The last enlargements of the European Union (EU) shifted the geographical focus of the periphery from the south to the east, upgrading the position of many southern European countries and regions, which were already in a process of convergence with the EU average. The current financial/economic crisis, however, which has particularly hit southern European countries, revitalized the traditional core-periphery division, known as the North-South divide. In parallel, the relocation of economic activity (industrial production and services) within the EU territory, from western-core countries to the eastern periphery, raised the competitiveness and economic significance of many areas in the new, vis-a-vis the old, periphery, leading to the emergence of a number of new centres in its metropolitan regions. A number of questions are raised in the context of the above development, such as: Which factors underlie the differences in growth paths and ‘resilience’ between the eastern vis-à-vis the southern periphery? How important has the industrial relocation from the West to the East been? And what has been the general impact of the EU’s Cohesion Policy? What would the implications of a possible further expansion towards the EU’s ‘Eastern Neighbours’ be on its core-periphery pattern? This chapter approaches critically some of the above issues, adopting a qualitative methodology with the use of graphical presentations. In its conclusions, the chapter examines the appropriateness of the new economic geography’s theoretical interpretation.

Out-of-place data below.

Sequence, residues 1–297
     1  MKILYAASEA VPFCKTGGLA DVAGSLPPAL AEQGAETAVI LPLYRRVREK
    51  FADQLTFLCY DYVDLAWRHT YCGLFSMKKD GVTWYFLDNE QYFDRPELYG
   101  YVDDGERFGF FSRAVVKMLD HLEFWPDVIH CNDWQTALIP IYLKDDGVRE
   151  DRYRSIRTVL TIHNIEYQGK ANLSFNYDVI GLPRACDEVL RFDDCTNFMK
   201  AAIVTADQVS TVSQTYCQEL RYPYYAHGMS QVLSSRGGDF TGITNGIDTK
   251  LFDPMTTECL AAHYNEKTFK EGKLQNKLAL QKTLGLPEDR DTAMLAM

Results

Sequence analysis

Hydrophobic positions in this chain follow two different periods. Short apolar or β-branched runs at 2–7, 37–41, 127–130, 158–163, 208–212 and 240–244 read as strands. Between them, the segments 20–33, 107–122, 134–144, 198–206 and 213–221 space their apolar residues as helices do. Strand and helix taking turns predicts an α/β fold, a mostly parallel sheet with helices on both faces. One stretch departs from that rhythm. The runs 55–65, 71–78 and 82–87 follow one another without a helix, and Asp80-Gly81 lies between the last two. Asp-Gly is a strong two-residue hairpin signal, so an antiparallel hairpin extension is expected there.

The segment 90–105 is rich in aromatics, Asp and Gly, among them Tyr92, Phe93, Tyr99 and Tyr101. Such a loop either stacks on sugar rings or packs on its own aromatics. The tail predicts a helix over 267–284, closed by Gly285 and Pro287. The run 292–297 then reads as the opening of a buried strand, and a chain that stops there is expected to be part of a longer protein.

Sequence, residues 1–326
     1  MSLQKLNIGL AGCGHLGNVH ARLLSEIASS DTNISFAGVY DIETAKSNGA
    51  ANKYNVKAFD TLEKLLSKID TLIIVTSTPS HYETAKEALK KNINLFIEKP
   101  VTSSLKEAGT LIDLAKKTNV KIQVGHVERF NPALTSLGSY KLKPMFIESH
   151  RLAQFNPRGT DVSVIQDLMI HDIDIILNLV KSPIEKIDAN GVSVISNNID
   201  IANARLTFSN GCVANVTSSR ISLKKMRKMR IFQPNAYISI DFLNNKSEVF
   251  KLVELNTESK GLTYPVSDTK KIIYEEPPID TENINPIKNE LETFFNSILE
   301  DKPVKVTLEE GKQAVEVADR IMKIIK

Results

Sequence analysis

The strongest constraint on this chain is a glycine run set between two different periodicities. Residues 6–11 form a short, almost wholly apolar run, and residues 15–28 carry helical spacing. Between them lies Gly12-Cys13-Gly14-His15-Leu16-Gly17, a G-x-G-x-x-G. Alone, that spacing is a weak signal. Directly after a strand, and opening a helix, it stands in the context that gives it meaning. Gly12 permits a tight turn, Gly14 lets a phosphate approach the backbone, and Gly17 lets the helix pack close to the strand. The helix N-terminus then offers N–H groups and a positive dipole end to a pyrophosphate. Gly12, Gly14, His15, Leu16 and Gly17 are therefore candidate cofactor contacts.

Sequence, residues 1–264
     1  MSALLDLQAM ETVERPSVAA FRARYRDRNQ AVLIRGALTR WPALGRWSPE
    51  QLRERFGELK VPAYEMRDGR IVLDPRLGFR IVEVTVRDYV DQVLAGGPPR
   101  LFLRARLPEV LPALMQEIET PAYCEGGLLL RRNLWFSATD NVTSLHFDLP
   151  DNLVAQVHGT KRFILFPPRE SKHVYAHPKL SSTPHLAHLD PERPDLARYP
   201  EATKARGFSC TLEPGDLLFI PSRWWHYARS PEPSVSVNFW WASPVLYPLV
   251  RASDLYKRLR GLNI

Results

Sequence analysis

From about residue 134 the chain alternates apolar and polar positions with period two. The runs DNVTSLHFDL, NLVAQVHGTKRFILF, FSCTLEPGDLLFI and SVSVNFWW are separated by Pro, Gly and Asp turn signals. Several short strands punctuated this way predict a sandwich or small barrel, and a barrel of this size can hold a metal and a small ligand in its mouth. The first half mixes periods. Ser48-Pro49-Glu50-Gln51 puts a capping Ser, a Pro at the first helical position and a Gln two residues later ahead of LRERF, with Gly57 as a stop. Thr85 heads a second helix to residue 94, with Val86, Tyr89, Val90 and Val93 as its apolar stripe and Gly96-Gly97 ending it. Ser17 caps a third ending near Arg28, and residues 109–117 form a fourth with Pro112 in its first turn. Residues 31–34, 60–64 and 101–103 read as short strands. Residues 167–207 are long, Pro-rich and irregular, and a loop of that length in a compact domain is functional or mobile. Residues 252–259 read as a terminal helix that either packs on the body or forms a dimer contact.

Caraveli, H. (2017), "The Dynamics of the EU Core-Periphery Division: Eastern vs. Southern Periphery – A Comparative Analysis from a New Economic Geography Perspective", Pascariu, G.C. and Duarte, M.A.P.D.S. (Ed.) Core-Periphery Patterns Across the European Union, Emerald Publishing Limited, pp. 3-22. https://doi.org/10.1108/978-1-78714-495-820171001Download as .RIS
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